Nightbringer | The Arthurian Online Encyclopedia


Griffon, Gryphon

Griffins are legendary creatures that have appeared in the mythology of various cultures throughout history. They typically possess the body of a lion and the head and wings of an eagle, combining features from the king of beasts and the king of birds.


Griffins are commonly depicted with the body of a lion, including its forelegs, hindquarters, and tail, and the head, talons, and wings of an eagle. The eagle head often features a prominent beak and large, piercing eyes. Their wings are often feathered and resemble those of an eagle.


Griffins are powerful symbols associated with strength, courage, vigilance, and guardianship. As a combination of the lion and the eagle, they represent qualities of both land and sky, making them potent symbols in various mythologies and heraldry.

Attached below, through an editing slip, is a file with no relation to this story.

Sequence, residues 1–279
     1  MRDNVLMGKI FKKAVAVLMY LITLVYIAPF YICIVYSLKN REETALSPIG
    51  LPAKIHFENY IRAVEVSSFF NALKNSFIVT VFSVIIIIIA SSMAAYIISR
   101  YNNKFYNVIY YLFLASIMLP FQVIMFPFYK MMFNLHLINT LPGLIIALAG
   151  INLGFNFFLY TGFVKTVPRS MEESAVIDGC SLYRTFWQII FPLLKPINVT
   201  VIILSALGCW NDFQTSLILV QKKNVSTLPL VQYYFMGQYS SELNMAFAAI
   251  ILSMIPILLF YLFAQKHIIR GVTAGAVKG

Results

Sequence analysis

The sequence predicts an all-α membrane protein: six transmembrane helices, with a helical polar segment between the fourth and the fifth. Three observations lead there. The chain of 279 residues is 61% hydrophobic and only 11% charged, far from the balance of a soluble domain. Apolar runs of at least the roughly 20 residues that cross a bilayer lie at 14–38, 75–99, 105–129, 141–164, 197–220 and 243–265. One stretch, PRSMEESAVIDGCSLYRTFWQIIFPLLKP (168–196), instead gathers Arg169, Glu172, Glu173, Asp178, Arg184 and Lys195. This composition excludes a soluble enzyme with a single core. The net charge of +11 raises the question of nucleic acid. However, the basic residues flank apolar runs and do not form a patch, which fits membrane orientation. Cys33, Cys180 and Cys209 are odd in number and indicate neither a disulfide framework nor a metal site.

Mythological Origins

Griffins have roots in the mythology of ancient Mesopotamia, where they were depicted as guardian figures. They later appeared in Greek and Roman mythology, often guarding treasures or serving as protectors of divine beings.

Cultural Significance

Griffins have been featured in the art, literature, and folklore of numerous cultures throughout history, including those of Europe, the Middle East, and Asia. They have been depicted in sculptures, paintings, and coats of arms, and have appeared in stories and legends as both allies and adversaries.


Griffins are prominent figures in heraldry, where they often symbolize courage, strength, and military prowess. They are frequently used as supporters in coats of arms, representing the noble qualities of the individuals or families they adorn.